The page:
3.4 Ocular Event: Endophthalmitis

There were six treated eyes (0.08%) from six patients in the IVB group who contracted endophthalmitis, while there were no events observed in the IVR group. This serious ocular event developed within 1 month of intravitreal injection of the affected eyes in 4 out of the 6 patients (mean ± SD 4.25 ± 0.96 days, or approximately 3–5 days). The fifth patient was diagnosed with postoperative endophthalmitis from cataract surgery, which occurred 73 days after IVB injection. The last case was admitted due to occurrence of endophthalmitis 49 days after the IVB injection. In three of the six patients, visual acuity was 20/40, 20/100, and 6/12 prior to developing endophthalmitis. However, even though they received endophthalmitis therapy, visual acuity for these three eventually declined to no light perception (NLP).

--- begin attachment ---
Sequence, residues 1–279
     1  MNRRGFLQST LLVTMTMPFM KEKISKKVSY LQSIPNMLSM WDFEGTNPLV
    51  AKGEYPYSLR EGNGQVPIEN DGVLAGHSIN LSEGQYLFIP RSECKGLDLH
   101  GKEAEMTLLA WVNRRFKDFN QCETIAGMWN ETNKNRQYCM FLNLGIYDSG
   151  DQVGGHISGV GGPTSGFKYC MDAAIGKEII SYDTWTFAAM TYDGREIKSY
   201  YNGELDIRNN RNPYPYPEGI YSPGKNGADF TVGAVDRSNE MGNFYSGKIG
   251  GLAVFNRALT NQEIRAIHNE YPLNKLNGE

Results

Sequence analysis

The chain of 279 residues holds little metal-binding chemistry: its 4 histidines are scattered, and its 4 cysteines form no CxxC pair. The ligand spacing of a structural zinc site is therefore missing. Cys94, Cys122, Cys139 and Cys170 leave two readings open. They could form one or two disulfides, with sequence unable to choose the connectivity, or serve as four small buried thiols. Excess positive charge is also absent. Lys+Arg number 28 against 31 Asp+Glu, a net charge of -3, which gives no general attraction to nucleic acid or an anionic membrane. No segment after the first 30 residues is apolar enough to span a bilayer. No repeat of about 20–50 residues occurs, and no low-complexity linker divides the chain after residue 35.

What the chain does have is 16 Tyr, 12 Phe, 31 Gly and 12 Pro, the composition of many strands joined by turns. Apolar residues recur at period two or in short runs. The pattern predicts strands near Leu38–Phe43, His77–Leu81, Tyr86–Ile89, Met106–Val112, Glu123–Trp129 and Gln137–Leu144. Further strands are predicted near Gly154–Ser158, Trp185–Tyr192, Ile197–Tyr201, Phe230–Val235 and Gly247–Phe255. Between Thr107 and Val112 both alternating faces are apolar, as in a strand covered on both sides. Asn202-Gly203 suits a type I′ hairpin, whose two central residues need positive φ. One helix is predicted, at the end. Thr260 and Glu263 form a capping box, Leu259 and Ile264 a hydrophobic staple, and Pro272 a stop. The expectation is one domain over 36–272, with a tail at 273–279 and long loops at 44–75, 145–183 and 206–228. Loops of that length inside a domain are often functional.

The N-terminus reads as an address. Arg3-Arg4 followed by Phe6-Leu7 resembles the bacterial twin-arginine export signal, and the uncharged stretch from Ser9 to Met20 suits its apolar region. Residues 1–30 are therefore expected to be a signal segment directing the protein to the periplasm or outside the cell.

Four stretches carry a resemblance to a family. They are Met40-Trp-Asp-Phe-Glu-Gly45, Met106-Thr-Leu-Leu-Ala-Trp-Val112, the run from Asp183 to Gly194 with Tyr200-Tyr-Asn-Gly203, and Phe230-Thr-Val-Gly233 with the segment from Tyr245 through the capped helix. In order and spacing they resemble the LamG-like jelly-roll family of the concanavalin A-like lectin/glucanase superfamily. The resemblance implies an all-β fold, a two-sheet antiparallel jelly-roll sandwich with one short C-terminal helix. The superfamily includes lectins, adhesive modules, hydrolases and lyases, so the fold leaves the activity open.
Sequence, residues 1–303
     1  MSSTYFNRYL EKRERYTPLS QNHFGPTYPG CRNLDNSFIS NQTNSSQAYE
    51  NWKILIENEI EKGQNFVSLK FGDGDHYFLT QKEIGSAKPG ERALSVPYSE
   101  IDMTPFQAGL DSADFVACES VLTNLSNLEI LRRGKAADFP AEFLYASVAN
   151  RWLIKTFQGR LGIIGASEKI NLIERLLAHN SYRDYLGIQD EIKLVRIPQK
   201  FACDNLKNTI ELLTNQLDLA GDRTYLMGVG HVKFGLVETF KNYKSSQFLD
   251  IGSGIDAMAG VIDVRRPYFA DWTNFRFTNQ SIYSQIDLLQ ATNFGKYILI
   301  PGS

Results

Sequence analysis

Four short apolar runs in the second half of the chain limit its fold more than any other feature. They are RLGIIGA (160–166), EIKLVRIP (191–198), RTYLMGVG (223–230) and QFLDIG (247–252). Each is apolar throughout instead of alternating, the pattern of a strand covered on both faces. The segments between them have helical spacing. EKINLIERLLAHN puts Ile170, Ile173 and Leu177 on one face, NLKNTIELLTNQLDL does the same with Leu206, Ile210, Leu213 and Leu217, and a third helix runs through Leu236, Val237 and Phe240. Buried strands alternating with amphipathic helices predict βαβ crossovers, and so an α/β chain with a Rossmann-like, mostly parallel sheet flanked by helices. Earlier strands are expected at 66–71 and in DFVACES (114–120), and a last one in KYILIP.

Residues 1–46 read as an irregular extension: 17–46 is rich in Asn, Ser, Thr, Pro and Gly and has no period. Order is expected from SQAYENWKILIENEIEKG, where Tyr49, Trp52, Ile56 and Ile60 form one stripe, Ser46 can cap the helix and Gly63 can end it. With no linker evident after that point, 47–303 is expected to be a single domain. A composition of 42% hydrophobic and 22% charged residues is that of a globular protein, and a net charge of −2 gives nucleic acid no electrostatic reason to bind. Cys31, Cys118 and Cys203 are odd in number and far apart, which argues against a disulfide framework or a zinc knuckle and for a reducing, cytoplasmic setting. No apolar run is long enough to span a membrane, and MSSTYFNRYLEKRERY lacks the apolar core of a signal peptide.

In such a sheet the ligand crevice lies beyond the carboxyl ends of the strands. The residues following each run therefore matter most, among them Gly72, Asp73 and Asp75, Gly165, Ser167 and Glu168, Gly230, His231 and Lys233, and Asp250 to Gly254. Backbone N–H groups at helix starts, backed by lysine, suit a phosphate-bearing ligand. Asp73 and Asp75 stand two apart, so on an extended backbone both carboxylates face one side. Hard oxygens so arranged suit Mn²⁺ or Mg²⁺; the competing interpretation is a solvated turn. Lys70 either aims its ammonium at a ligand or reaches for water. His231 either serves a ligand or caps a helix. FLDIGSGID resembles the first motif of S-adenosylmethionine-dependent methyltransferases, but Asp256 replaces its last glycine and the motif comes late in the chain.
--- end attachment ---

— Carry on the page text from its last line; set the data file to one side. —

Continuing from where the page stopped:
Results from the gram-stain and microbiological culture of vitreous fluid were available for only three patients who developed endophthalmitis. Gram-stain revealed gram-positive cocci for these three cases. The vitreous cultures identified coagulase-negative Staphylococci for the two cases while the result was not reported for one case.

3.5 SSAEs

Non-fatal strokes occurred in only 16 of the 5975 patients (0.27%) in the IVB group. The overall rate of mortality from any cause was 1.07%, which comprised 2 of the 379 IVR-treated patients (0.53%) and 66 of the 5975 IVB-treated patients (1.10%). The rates of individual SAEs of interest during the 6-month follow-up period ranged from 0 to 1.21%; rates between the drug groups were similar (Table 2). Among SAEs of interest, there were only two patients in the IVR group who experienced acute subendocardial myocardial infarction and congestive heart failure (CHF), respectively. Non-fatal MI or IHD occurred in 20 patients (0.33%) in the IVB group. The proportions of patients who experienced vascular death, cardiovascular events (ATE or HF), VTE, and one or more non-fatal SSAEs in the IVB group were higher than the rates of the IVR group.
Table 2